One of the most common criticisms levelled at agreements drafted by English and American lawyers is that they are extremely difficult to read without an extended knowledge of legal English. Here we will show you several of the factors that make agreements so unreadable and we will suggest some ways in which this can be eliminated by using Plain English.
The Passive Voice
When sentences are written in the passive, the focus is on the object rather than the subject or the agent of the action. Often, the subject is not even mentioned as in the following phrase:
“The agreement may be terminated in the event of any breach by the Employee.”
There is no reference to the “party” which is entitled to terminate the agreement (although it is implicit that the right belongs to the Employer). The sentence can be written in Plain English by avoiding the passive as follows:
“The Employer may terminate the agreement if the Employee commits a breach.”
The advantage of the active, rather than the passive, is that the focus is on the party which may exercise the right, which is much more emphatic and clearer to read.
Sentence interruption is very common in contract drafting and can make a clause rather confusing and difficult to read. Let’s look at the following example:
“The Licensor is entitled to, by giving the Licensor written notice in the form set out in Schedule 2, audit the financial records of the Licensee.”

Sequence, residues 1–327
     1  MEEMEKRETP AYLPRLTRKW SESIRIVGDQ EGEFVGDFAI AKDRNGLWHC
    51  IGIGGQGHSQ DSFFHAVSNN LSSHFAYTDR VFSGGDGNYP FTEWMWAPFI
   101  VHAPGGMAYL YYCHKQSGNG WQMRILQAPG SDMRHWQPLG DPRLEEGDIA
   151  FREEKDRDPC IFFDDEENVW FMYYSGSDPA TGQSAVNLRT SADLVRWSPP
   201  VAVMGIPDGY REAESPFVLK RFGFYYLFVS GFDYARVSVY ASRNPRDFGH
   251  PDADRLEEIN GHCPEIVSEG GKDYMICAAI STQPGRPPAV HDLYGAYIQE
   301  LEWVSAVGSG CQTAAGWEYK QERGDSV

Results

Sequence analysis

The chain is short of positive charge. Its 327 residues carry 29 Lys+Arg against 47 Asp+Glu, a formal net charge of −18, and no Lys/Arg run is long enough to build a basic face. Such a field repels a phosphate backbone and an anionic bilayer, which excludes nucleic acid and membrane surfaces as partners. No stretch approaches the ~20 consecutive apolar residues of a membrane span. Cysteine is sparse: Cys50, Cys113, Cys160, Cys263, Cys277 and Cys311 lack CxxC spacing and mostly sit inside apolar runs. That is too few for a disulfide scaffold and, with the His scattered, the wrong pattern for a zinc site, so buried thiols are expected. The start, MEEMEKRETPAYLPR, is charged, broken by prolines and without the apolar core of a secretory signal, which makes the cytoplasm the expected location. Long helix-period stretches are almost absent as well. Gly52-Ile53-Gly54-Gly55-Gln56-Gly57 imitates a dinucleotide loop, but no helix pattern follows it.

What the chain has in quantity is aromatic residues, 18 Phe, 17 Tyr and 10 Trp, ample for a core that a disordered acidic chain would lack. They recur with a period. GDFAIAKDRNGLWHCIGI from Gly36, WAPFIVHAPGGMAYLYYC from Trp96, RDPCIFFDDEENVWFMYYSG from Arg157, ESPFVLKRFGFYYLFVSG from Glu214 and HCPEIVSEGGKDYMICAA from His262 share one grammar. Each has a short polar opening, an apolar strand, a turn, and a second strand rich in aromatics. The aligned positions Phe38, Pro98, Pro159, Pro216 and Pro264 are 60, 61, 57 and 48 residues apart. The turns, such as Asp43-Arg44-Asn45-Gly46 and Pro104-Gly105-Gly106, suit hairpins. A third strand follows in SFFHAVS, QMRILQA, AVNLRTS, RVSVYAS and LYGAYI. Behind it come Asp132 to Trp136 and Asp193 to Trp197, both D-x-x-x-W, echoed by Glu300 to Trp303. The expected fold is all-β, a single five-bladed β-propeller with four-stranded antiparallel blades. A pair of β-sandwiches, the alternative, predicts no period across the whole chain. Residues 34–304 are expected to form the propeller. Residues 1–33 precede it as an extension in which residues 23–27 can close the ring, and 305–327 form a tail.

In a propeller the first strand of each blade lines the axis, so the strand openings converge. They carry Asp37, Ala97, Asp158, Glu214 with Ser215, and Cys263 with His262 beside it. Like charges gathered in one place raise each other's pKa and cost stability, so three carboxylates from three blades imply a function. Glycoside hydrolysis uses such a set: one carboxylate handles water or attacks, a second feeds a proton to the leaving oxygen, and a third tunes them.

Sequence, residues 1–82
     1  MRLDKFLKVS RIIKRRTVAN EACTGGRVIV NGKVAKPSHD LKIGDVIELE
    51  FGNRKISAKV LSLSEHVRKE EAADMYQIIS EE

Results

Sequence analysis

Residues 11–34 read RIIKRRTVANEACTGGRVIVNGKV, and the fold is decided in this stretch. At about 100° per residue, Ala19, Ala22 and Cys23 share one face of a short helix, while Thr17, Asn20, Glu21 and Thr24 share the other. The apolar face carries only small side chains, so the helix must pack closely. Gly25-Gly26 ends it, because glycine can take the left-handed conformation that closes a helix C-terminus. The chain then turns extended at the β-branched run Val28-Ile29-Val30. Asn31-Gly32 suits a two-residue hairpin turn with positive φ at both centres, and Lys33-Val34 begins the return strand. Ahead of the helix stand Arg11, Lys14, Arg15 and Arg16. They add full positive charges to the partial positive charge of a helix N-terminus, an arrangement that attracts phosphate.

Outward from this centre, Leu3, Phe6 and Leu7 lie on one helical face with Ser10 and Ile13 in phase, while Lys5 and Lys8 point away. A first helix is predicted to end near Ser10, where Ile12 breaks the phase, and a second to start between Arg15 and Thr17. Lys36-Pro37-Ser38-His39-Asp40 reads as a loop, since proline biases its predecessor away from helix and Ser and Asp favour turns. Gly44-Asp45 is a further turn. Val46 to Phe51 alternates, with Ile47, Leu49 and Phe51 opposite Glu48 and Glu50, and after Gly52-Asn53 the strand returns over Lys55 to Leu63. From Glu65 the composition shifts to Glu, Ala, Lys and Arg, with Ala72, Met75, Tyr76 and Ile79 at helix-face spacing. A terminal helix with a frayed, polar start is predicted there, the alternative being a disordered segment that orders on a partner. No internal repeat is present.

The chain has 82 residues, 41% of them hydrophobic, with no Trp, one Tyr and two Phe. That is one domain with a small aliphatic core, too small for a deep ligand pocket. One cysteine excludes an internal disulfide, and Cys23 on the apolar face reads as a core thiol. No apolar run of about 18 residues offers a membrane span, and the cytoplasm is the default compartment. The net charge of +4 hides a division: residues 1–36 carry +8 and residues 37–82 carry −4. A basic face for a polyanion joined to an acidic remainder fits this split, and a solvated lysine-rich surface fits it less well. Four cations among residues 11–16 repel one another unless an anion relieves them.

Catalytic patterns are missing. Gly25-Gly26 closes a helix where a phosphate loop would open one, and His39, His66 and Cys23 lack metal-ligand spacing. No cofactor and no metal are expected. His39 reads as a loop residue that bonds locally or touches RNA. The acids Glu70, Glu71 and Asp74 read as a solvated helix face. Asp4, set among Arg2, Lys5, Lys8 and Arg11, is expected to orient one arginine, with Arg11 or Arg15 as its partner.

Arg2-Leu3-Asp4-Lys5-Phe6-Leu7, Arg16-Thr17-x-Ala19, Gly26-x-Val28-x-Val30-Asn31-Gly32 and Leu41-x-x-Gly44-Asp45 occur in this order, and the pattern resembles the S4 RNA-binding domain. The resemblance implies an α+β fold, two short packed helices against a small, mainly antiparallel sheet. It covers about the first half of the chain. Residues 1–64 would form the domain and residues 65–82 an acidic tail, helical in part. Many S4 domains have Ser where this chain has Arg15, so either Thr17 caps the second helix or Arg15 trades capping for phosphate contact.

The first part of the sentence introduces the Licensor’s right (“is entitled to”) but before we are told the scope of the right, the sentence is interrupted with the condition that has to be fulfilled (the obligation to give notice). By placing the condition to give notice at the end of the sentence like we’ve done below, the interruption is eliminated and the clause becomes much easier to read:
“The Licensor is entitled to audit the financial records of the Licensee, by giving the Licensor written notice in the form set out in Schedule 2.”
However, it is important to note that a small interruption to a sentence does not always make the clause so difficult to read:
“The Company, at its own cost, shall provide the Consultant with the services set out in Schedule 1.”
Here, the interruption “at its own cost” is insignificant. It’s therefore unnecessary to place these words elsewhere in the clause.
Tautology means pairs of words that have the same meaning like “null and void”. You should avoid tautology when drafting contracts as one of the words is superfluous and may cause confusion.
A further example of tautology is the phrase “including but not limited to”. The phrase “but not limited to” is superfluous because “including” indicates a non-exhaustive list. However, this phrase is extremely common in contracts where the governing law is English or American law as surprisingly, courts in those countries have interpreted “including” as indicating an exhaustive list. Therefore, drafters of contracts will seek to add the words “but not limited to” to ensure that it refers to a non-exhaustive list but this can cause confusion to readers who are not familiar with the English or American context.
These are just some areas you need to think about when drafting contracts in English. Taking a tailored legal English trainingcourse such as Drafting Contracts in English will help you understand these rules and develop your legal English writing skills. A legal English course will give you the required knowledge and tips to help you to write accurately and correctly resulting in accessible, comprehensive and readable legal documents.
© Communicaid Group Ltd. 2011